The Enemy

We’ve been invaded. After being flat-free for nearly a year, I’ve suddenly had two in one week. The second was quite a doozy with six punctures in one tire, all from the dreaded goathead. I love my off-street bike paths, but they’re a bit like mine fields for bike tires this time of year.

16 Responses to “The Enemy”

  • Tal says:

    I ride with Schwalbe Marathon tires on my commuter bike and have yet to have a flat.

  • Phil says:

    The link to the “dreaded goathead” shows a picture of the little rascals. But what is the plant in your picture? That doesn’t look like any goathead I’ve ever seen in New Mexico or Arizona. Goatheads I know hug the ground, have small leaves and tiny yellow blossoms, and fan out from a central root.

  • Alan says:

    @Phil

    You must be a botanist. :-) We colloquially call any rotten little thorn that causes flats “goatheads”.

  • Jeff says:

    Well, misery loves company. In the last two weeks I’ve changed goathead flats on my single speed, my son’s BMX, our jog stroller, and the Burly trailer. The good news is that I think I found the weedy lot in our neighborhood that contains said goatheads, and have warned the family to avoid this lot.

    The plant in the picture is yellow-star thistle. I’ve had it puncture road tires but it does most of it’s damage to skin.

    - Jeff

  • Doug R. says:

    Hey Alan, I run Mr. “Tuffies” wheel liners in all my bikes,
    and they seem to keep the flats away! I hate those stickers! Down the horse trails they jump out while you are single tracking and cut your legs up good! No pain means no fun, so I live with the little bastards! Oh, there are other wheel liners I use to but I forget their brand name? I get them from LBS. You probably carry spare tubes and slime, however, it is still and inconvience to pull the wheel and all the grease and crap though. Try changing a car or motorcycle tire on the road, that thought alone keeps me in “perspective” if I want to bitch to much about changing a bicycle tire.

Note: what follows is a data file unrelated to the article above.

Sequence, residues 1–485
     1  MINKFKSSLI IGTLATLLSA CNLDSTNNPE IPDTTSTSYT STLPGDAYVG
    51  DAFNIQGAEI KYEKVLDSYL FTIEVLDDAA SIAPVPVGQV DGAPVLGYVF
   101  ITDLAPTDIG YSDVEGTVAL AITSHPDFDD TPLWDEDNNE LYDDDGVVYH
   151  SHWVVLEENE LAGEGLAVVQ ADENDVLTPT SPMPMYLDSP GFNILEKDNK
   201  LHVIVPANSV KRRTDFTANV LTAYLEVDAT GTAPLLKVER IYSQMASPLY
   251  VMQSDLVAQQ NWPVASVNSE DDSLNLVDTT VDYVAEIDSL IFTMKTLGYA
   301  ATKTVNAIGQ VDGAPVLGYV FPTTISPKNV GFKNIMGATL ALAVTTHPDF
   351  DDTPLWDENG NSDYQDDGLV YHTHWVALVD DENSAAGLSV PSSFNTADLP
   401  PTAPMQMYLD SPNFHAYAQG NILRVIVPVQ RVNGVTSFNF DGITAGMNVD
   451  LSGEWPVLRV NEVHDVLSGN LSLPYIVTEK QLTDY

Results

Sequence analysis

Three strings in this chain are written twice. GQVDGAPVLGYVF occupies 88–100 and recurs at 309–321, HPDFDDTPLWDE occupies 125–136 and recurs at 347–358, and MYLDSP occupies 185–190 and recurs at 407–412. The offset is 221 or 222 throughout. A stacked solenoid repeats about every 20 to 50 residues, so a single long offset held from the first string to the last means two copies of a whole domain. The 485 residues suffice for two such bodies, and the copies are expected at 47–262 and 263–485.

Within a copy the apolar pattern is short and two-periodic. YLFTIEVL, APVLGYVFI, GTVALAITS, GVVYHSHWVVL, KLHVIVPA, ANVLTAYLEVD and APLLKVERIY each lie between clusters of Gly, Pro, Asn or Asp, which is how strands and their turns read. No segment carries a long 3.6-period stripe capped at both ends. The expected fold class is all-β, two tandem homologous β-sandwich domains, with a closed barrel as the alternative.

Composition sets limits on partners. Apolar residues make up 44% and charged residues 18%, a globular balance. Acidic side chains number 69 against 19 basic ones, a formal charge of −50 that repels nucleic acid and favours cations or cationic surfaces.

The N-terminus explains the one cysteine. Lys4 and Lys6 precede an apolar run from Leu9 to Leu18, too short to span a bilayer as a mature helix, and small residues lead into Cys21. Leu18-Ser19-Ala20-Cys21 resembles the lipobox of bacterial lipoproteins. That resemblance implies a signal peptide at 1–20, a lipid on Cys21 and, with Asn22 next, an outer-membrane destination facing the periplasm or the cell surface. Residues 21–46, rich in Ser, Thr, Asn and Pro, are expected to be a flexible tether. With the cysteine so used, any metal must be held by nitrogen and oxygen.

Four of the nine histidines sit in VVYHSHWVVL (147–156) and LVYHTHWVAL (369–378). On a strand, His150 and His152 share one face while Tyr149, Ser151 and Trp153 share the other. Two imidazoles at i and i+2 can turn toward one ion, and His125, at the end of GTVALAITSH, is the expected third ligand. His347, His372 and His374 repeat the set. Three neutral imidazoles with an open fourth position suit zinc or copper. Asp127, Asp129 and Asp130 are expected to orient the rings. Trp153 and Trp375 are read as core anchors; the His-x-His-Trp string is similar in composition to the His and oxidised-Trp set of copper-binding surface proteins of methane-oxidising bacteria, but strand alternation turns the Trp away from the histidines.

The Rat.
    P. S. on a karmic note, I recently played a game on Trek’s Web site and you know what I won, Of course a friggi’n Lance team Astana yellow Jersey! God hates me!

  • Alan says:

    @Doug

    “on a karmic note, I recently played a game on Trek’s Web site and you know what I won, Of course a friggi’n Lance team Astana yellow Jersey! God hates me!”

    Serves you right. :-)

  • Jim says:

    Goat-heads (my Dad called them “bullheads”) were the bane of my bare-footed summers. As hard as they are on bike tubes, they’re harder on feet until the calluses of late summer offered at least a bit of protection. I don’t know where these plants originated (I’m speaking of the ones in the link, not the thistle on this page), but they were endemic to the Southern California Inland Empire of my youth.

  • bongobike says:

    Man, that is one mean looking plant! We have lots of thornies here in TX, but that is not one of them (at least I’ve never seen one).

    On tire liners, I have used both Mr. Tuffy and Slime liners (not the goo), and Slime liners win hands down. Both brands protect your tubes, but for some odd reason, the Mr. Tuffy liners eventually produce leaks in your tubes where the ends overlap. I had read about this problem from many riders on listserves, and I eventually experienced it. The Slime brand has had no such problem after years of use.

  • dutchess says:

    At our main Bike to Work Day event in Santa Fe, cyclists get a whack at an ugly, giant, evil goathead piñata. Extremely cathartic.